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India, Israel and the Jewish People

Today’s growing relations between India and the Middle East are renewing ancient economic and cultural links. Ties between India and the Middle East are deeply embedded in the past. Archaeological excavations have uncovered a large number of stamp seals and other artifacts from the first Indus civilization in what had been ancient Mesopotamia, showing that Indian civilization has reached out to the Middle East since time immemorial. In fact, when it was first discovered, the Indus civilization was initially referred to as the Indo-Sumerian civilization (Sumer, often regarded as the earliest civilization in the Middle East, was located in southern Mesopotamia), so close the relationship between the two regions was thought to be. The artifacts found indicate that a fairly intensive and broad network of trade between Ancient Mesopotamia and the Indus Valley cities of Harappa and Mohenjo-Daro existed 4,000 years ago.

Trade as well as extensive people-to-people contacts and cultural interactions between India and the Middle East continued to prosper over the centuries, at least until the rise of the English East India Company in the 17th and 18th centuries. The expansion of Islam over the entire Middle East and large parts of India was a key factor contributing to the development of relations between the two regions.

Many Indians prefer the designation “West Asia” rather than “Middle East,” which they view as Eurocentric. West Asia is in better accordance with the geographical proximity of the region to the Asian subcontinent and the long-standing historical ties between the two sides. In this chapter, however, for reasons of coherence and because it is more suitable for a Western or Jewish audience, we will stick with the term “Middle East.” Although Israel is very much a part of the Middle East, the term as used here is meant to cover Turkey, Iran, and the Arab world from the western boundary of Libya to Iraq’s eastern border, including the entire Arabian Peninsula.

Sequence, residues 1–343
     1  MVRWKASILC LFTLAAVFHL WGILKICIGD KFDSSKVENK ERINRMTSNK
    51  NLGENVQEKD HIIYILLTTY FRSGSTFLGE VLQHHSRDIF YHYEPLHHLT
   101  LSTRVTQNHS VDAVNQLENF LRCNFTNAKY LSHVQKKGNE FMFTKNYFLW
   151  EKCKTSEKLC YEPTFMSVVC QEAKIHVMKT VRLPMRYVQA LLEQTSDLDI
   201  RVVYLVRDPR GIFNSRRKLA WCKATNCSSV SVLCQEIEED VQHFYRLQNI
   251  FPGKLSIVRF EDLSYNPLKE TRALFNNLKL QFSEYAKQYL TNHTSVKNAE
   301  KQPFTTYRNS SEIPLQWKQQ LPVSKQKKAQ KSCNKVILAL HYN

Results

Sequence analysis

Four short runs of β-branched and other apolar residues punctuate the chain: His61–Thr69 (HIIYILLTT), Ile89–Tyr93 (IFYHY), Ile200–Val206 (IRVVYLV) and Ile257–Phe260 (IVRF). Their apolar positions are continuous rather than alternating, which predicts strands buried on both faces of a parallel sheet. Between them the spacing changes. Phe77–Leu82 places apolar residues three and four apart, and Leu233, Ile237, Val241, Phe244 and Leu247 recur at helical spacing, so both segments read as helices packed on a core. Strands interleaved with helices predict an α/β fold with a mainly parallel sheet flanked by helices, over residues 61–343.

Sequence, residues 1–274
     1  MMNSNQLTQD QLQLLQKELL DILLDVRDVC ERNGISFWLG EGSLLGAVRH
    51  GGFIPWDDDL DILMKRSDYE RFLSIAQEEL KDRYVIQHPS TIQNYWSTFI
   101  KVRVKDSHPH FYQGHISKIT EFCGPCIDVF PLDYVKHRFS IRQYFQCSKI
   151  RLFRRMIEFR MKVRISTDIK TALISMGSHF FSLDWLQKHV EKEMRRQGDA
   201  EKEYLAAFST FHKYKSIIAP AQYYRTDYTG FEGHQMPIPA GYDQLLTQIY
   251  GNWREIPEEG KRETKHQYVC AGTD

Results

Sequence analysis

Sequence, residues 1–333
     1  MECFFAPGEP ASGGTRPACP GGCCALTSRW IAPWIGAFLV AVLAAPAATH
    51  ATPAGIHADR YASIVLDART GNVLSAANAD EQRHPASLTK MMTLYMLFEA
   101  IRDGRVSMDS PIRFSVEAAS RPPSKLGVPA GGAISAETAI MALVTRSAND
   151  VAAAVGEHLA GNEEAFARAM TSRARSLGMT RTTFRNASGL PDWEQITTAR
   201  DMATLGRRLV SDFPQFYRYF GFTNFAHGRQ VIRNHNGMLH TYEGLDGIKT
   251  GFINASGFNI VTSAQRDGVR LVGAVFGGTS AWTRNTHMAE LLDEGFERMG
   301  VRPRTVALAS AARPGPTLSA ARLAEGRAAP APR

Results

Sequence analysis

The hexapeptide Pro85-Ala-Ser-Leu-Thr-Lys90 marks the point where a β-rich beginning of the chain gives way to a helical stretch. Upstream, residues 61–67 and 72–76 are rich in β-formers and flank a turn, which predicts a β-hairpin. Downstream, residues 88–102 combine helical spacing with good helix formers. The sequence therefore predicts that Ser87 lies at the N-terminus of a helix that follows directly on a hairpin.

Abundant literature has appeared in recent times to describe the noticeable shift in the balance of power from the West to the East, with the West yielding some of its exclusive power to a rising Asia led by China and India. Yet, attention has just begun to be paid to the rapidly growing presence and influence of Asia in the Middle East.1 A recent notable contribution to the topic is the authoritative 2010 book by Geoffrey Kemp, The East Moves West: India, China, and Asia’s Growing Presence in the Middle East, to which we will occasionally refer. Kemp includes almost all the countries of Asia in his analysis. However, although Japan and South Korea have undoubtedly acquired impressive economic and industrial clout in the Middle East, their political influence on Middle Eastern affairs is likely to remain very limited, and this is even truer of other Asian countries, such as Vietnam or Thailand. In contrast, the rapidly growing links of China and India with the Middle East are likely to have major geopolitical impacts on the region. Since Kemp published his book, organizations such as the Brookings Institution and the Carnegie Foundation for International Peace have begun to work on India’s growing links with the Middle East.